While some states have required that some or all of the trust funds remaining at the death of the disabled individual be repaid to the state Medicaid agency, many states allow the beneficiary to elect that the charitable organization that manages the pooled trust retain the balance at the individual's death.

    Pooled Trust Allowable Expenses

    The trustee of a pooled trust may use the assets for the following purposes:

    • personal needs allowance
    • health insurance premiums for the disabled individual
    • medically necessary medical expenses
    • family or spouse's maintenance allowance
    • legal and professional expenses, including trustee, accounting, guardian, conservator and attorney fees
    • prepaid burial expenses
    • living expenses for food, clothing and shelter, and
    • entertainment, educational, or vocational needs or items consistent with the needs of the individual.

    Expenses That Are Not Allowed in a Pooled Trust

    If disbursements are made from the trust that are not for the benefit of the individual, the improper payments or disbursements may be treated as a transfer subject to a penalty. Non-allowable disbursements include the following:

    • gifts, payments, or loans to or for the benefit of anyone other than the disabled individual
    • child support and alimony payments
    • paying all of the shelter costs for a shared household
    • vacation expenses for family members
    • payments on past debts
    • health insurance premiums for other individuals
    • burial funds that do not meet the requirements of state law, and
    • income taxes (unless an actual tax liability is established).

    When Transfer Penalties Apply

    One of the primary advantages of using a special purpose trust is to avoid a Medicaid transfer penalty for transferring excess assets to a trust. Federal law says that because one of the requirements of a special purpose trust is that the state is entitled to reimbursement for its expenditures after the death of the individual, no transfer penalty should be imposed.

    Beware that some states do impose a transfer penalty on transfers of assets to pooled trusts if the disabled individual is 65 or older.

    Pros and Cons of Pooled Trusts for Medicaid

    When deciding whether a pooled trust is right for your family, consider the following points.

    Advantages of Pooled Trusts

    The main benefits of pooled trusts are:

    • The people managing the trust and its assets will be knowledgeable about agency rules regarding income and resources and will be able to deal with any questions from the SSI or Medicaid programs.
    • The trust directors usually are relatives of people with disabilities and are attuned to that community.
    • Even if you don't have a lot of money to leave to your loved one, a pooled trust can give your loved one the benefits of a special needs trust.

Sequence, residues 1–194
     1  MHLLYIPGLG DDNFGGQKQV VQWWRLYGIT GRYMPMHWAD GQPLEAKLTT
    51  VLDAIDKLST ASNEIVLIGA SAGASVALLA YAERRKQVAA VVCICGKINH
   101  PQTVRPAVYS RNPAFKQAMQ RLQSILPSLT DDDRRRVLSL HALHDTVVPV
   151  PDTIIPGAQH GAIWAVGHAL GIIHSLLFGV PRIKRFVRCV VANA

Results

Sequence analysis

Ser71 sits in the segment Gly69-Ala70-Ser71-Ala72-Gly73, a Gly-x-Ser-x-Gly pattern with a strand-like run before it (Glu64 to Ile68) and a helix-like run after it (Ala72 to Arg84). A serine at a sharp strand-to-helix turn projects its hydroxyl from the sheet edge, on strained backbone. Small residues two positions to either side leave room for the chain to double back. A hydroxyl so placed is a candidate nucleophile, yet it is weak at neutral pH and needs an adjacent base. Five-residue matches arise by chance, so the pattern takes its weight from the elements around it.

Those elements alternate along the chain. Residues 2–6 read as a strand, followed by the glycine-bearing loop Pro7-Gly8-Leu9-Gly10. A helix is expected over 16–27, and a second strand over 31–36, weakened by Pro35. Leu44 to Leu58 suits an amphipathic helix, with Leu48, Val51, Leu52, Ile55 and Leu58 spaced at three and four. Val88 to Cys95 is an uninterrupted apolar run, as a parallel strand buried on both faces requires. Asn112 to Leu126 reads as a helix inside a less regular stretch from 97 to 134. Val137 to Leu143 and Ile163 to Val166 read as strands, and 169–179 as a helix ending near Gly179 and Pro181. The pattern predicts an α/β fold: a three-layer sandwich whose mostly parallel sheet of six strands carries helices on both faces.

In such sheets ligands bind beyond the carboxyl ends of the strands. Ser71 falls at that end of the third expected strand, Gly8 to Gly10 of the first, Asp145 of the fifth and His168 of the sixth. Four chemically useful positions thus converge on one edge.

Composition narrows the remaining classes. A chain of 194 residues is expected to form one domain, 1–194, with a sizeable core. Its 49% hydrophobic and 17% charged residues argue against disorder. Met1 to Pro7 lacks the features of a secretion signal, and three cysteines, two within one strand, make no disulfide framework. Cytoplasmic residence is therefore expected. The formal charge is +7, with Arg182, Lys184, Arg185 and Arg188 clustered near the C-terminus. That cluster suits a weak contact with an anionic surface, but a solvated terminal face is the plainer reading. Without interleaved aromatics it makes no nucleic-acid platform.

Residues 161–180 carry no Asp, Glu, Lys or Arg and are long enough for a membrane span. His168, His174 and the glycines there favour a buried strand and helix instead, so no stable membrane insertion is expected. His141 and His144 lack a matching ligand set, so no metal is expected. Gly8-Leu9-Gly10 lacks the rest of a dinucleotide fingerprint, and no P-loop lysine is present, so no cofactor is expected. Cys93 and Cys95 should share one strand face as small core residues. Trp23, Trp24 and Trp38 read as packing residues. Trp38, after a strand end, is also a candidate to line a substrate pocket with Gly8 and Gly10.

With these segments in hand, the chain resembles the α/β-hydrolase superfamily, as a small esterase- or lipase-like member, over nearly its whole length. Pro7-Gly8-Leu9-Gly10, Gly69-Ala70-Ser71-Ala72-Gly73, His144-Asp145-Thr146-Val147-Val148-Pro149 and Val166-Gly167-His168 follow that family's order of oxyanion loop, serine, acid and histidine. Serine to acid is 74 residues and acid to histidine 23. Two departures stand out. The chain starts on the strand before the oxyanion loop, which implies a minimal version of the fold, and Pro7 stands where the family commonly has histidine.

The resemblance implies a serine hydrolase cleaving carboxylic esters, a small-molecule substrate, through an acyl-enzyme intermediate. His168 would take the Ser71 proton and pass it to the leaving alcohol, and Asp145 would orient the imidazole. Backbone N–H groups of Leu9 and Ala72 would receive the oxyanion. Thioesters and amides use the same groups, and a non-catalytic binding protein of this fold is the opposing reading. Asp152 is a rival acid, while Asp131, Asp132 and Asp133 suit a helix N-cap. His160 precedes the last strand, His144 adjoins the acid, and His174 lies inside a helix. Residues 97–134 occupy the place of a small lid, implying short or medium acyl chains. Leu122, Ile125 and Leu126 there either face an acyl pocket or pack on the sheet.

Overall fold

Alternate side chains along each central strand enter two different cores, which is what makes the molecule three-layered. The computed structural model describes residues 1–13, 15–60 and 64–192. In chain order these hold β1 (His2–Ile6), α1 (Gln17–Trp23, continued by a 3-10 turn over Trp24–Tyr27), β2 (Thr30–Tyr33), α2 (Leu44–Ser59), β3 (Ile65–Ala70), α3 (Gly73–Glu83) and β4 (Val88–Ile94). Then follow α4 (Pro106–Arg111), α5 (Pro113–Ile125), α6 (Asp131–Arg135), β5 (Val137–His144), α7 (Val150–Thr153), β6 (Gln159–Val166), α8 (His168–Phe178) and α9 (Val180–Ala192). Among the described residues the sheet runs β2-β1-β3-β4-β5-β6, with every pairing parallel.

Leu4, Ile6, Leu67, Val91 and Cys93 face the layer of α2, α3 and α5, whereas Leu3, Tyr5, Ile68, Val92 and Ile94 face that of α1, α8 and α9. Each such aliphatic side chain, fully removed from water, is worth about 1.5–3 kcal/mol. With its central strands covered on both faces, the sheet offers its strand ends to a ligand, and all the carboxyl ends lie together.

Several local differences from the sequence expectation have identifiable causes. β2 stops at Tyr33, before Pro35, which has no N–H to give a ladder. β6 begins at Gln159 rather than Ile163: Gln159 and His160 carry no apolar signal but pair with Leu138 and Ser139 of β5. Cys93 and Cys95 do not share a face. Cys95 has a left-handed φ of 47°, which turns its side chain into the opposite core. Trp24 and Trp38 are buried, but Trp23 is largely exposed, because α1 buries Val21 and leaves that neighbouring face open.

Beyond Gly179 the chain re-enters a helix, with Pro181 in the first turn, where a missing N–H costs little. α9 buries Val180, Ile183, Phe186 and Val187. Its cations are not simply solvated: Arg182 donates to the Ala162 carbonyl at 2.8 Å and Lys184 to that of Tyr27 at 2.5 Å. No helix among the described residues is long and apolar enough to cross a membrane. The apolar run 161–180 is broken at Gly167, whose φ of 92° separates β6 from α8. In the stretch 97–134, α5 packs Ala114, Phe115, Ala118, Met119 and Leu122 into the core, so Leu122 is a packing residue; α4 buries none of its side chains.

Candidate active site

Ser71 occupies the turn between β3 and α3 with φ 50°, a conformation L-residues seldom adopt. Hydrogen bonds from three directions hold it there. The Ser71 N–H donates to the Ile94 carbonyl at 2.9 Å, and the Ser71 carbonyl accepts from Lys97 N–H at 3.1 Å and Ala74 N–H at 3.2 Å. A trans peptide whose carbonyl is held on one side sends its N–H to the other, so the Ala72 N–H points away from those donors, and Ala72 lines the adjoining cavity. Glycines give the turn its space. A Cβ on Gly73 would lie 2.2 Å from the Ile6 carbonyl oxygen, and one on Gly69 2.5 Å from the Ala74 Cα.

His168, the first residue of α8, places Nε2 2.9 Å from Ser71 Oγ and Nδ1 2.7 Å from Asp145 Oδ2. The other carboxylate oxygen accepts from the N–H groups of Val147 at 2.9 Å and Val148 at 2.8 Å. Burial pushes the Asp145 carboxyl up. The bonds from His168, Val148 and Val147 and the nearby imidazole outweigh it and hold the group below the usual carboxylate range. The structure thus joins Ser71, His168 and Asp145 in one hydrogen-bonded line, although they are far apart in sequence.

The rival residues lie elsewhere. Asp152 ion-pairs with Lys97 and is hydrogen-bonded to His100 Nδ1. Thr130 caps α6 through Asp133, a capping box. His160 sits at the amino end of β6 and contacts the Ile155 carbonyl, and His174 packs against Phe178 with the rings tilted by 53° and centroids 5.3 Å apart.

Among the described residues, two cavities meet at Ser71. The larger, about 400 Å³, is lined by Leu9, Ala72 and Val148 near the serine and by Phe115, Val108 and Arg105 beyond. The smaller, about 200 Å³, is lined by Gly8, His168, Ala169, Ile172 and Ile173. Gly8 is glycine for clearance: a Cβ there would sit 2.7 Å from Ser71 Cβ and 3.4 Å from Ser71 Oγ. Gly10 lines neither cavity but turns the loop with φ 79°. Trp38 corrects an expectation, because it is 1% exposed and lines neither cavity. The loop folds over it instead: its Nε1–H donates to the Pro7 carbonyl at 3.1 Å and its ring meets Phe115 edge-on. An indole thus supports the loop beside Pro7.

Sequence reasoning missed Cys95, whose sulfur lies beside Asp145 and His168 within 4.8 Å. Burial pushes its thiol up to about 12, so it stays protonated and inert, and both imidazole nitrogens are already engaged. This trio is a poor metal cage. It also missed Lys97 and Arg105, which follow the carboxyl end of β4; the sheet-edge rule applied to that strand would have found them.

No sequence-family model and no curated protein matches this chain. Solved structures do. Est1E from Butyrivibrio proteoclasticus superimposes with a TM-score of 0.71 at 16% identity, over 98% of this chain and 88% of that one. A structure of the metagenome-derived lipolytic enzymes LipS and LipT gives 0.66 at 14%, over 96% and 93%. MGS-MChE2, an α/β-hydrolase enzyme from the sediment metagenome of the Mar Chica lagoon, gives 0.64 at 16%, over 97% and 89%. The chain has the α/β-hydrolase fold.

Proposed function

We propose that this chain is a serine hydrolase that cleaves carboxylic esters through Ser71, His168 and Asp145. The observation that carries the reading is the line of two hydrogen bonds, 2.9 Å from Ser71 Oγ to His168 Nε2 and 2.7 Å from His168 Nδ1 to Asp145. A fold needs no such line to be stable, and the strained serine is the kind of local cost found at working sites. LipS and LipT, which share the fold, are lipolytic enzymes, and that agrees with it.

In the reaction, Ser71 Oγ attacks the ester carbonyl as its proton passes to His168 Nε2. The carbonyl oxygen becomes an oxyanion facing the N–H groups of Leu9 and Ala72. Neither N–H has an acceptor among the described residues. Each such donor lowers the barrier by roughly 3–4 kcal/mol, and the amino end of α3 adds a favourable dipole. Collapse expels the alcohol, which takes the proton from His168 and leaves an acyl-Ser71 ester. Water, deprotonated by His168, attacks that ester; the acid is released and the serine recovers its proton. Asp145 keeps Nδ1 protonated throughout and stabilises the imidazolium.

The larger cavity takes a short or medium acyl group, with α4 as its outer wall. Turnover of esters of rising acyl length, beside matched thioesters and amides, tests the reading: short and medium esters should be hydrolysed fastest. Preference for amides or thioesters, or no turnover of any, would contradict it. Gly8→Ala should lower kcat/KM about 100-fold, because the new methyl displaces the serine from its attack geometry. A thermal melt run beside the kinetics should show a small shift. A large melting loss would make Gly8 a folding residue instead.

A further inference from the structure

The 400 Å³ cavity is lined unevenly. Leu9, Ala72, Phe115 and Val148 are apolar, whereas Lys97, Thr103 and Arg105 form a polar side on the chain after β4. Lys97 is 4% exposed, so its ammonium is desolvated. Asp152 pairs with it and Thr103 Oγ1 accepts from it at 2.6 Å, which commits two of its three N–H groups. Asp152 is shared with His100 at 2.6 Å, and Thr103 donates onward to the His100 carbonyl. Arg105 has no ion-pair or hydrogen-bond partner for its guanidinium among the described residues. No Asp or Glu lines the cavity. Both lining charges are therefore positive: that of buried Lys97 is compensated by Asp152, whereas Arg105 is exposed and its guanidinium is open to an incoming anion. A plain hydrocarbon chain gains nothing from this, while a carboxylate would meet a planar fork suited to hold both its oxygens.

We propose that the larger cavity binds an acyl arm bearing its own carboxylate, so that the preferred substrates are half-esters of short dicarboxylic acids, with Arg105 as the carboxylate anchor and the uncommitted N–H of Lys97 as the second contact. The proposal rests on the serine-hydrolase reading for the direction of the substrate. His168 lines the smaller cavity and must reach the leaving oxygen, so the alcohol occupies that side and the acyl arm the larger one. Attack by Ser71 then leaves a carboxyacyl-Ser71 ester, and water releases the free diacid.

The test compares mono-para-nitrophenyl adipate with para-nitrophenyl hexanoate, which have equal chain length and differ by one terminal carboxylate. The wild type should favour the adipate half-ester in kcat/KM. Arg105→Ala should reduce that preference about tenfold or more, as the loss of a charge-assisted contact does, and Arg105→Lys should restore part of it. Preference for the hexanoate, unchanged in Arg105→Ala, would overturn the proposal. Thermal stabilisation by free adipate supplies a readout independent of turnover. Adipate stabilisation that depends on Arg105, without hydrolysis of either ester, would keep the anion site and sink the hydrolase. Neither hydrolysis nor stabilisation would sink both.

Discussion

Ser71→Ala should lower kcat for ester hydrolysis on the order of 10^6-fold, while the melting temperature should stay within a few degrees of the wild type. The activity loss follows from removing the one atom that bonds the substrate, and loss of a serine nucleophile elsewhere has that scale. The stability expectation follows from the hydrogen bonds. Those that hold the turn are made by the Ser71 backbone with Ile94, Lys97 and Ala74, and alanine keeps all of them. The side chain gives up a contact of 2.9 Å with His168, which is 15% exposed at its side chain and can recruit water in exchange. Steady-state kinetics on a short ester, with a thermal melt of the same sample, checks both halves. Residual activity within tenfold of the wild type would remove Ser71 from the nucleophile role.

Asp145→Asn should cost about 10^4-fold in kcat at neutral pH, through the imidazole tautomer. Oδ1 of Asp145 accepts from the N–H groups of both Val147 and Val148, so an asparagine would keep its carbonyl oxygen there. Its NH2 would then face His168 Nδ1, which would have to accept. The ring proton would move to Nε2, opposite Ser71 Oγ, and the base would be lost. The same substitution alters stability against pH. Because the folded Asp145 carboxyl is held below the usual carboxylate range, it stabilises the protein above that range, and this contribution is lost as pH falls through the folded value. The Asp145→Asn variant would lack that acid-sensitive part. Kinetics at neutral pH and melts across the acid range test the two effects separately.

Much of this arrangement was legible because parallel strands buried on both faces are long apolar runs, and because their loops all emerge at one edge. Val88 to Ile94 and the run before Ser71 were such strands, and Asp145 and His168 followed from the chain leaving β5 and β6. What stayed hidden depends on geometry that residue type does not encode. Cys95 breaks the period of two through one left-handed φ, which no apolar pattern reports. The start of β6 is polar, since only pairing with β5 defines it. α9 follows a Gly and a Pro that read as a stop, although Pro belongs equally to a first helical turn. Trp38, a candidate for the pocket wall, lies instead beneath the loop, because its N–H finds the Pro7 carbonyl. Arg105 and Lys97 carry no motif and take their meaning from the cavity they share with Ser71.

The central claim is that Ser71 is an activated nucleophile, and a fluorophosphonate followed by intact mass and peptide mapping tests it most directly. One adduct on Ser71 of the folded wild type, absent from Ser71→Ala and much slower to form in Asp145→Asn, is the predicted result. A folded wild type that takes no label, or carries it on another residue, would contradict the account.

Disadvantages of Pooled Trusts

    While pooled special needs trusts work for many people, they do have some important limitations that you should consider. For example:

    • Pooled trusts are only as good as the nonprofit that is managing it. Some may do a good job for a while, but in the face of financial problems or management changes, may end up doing a terrible job or even going out of business altogether.
    • Some pooled trusts distribute assets only at certain times of the month. This can be a problem for a beneficiary who may need distributions more frequently.
    • Pooled trusts can be very expensive. Find out exactly how much a pooled trust charges before you join. Generally, there is a one-time setup fee that can run from a few hundred dollars to several thousand dollars. Plus, there is an annual fee—based on a percentage of the assets that are put into the trust—that can be several thousand dollars a year. If you're only putting a modest amount of assets into the trust, the fees of the pooled trust can seriously deplete these assets. In contrast, a friend or family member may not charge anything to serve as the trustee of an individual trust.
    • Pooled trust are inflexible. Once the assets are in the pooled trust, it is difficult if not impossible to move the assets to another trust. Your beneficiary is then stuck with this pooled trust even if the trustee does not do a good job.
    • Many pooled trusts will not agree to own real estate or authorize other nontraditional investments. If your inheritance will include these types of investments, an individual special needs trust would serve you better.

    For more detailed help on special needs trusts and your options, read Special Needs Trusts, by Kevin Urbatsch (Nolo).